Forum for Science, Industry and Business

Sponsored by:     3M 
Search our Site:

 

New Class of Nanoparticle Brings Cheaper, Lighter Solar Cells Outdoors

11.06.2014

Think those flat, glassy solar panels on your neighbour’s roof are the pinnacle of solar technology? Think again.

Researchers in the University of Toronto’s Edward S. Rogers Sr. Department of Electrical & Computer Engineering have designed and tested a new class of solar-sensitive nanoparticle that outshines the current state of the art employing this new class of technology.


Diagram of a quantum dot.

University of Toronto

This new form of solid, stable light-sensitive nanoparticles, called colloidal quantum dots, could lead to cheaper and more flexible solar cells, as well as better gas sensors, infrared lasers, infrared light emitting diodes and more. The work, led by post-doctoral researcher Zhijun Ning and Professor Ted Sargent, was published this week in Nature Materials.

Collecting sunlight using these tiny colloidal quantum dots depends on two types of semiconductors: n-type, which are rich in electrons; and p-type, which are poor in electrons. The problem? When exposed to the air, n-type materials bind to oxygen atoms, give up their electrons, and turn into p-type. Ning and colleagues modelled and demonstrated a new colloidal quantum dot n-type material that does not bind oxygen when exposed to air.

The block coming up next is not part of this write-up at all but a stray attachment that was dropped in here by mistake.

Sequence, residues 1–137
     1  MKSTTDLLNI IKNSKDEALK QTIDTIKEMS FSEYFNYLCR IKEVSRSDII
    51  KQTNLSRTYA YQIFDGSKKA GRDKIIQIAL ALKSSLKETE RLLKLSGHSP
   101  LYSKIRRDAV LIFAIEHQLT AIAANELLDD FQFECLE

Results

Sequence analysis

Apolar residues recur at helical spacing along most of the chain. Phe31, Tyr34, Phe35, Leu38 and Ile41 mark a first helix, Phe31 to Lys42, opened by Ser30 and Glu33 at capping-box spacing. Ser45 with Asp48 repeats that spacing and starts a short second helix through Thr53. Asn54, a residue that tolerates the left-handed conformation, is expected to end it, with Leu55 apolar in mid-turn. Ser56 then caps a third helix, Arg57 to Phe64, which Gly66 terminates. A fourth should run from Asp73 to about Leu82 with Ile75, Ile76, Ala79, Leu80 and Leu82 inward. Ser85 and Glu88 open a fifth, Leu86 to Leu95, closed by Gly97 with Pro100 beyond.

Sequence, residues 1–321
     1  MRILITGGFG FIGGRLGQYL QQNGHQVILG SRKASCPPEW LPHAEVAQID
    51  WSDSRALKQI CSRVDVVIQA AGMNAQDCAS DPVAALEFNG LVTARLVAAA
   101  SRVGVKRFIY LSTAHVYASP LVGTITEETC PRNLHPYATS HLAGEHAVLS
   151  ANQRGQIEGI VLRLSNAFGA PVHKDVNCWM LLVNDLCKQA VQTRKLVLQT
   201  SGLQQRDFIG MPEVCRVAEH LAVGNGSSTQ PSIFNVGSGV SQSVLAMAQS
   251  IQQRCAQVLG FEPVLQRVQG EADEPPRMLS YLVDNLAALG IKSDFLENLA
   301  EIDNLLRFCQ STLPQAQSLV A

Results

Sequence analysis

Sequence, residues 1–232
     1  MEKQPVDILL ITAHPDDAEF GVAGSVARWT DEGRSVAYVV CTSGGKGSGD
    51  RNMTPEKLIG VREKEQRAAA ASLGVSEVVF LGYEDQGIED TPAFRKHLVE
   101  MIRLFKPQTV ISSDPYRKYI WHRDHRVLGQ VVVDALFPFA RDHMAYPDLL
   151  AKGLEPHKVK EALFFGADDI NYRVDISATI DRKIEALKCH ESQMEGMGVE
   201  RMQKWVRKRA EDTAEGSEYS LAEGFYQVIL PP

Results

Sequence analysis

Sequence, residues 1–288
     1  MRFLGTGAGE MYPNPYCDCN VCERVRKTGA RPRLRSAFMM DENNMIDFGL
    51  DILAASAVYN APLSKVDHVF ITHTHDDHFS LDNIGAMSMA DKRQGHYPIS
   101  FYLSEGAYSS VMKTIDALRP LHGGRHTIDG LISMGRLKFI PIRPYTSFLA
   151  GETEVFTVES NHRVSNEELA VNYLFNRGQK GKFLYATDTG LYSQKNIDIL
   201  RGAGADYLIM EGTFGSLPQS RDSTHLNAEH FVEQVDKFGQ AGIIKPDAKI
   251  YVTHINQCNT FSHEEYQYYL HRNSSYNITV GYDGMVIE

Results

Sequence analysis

Maintaining stable n- and p-type layers simultaneously not only boosts the efficiency of light absorption, it opens up a world of new optoelectronic devices that capitalize on the best properties of both light and electricity. For the average person, this means more sophisticated weather satellites, remote controllers, satellite communication, or pollution detectors.

“This is a material innovation, that’s the first part, and with this new material we can build new device structures,” said Ning. “Iodide is almost a perfect ligand for these quantum solar cells with both high efficiency and air stability—no one has shown that before.”

Ning’s new hybrid n- and p-type material achieved solar power conversion efficiency up to eight per cent—among the best results reported to date.

But improved performance is just a start for this new quantum-dot-based solar cell architecture. The powerful little dots could be mixed into inks and painted or printed onto thin, flexible surfaces, such as roofing shingles, dramatically lowering the cost and accessibility of solar power for millions of people.

“The field of colloidal quantum dot photovoltaics requires continued improvement in absolute performance, or power conversion efficiency,” said Sargent. “The field has moved fast, and keeps moving fast, but we need to work toward bringing performance to commercially compelling levels.”

This research was conducted in collaboration with Dalhousie University, King Abdullah University of Science and Technology and Huazhong University of Science and Technology.

Media contact:
Marit Mitchell
Senior Communications Officer
The Edward S. Rogers Sr. Department of Electrical & Computer Engineering
University of Toronto
416-978-7997; marit.mitchell@utoronto.ca

Dominic Ali | newswise
Further information:
http://www.utoronto.ca

Further reports about: Cells Class Electrical Outdoors Toronto detectors diodes electrons lasers levels satellites

More articles from Power and Electrical Engineering: